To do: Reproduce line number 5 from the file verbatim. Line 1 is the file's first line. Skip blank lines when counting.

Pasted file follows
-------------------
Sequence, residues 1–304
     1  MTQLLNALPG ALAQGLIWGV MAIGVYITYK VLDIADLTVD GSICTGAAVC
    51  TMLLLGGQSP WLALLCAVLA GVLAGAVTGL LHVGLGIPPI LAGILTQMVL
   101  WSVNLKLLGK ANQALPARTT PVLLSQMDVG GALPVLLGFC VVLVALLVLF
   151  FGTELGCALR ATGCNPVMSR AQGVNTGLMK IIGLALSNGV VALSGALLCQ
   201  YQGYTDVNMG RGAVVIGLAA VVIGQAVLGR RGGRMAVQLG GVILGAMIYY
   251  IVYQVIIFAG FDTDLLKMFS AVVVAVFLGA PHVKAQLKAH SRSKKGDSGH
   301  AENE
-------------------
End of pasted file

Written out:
   151  FGTELGCALR ATGCNPVMSR AQGVNTGLMK IIGLALSNGV VALSGALLCQ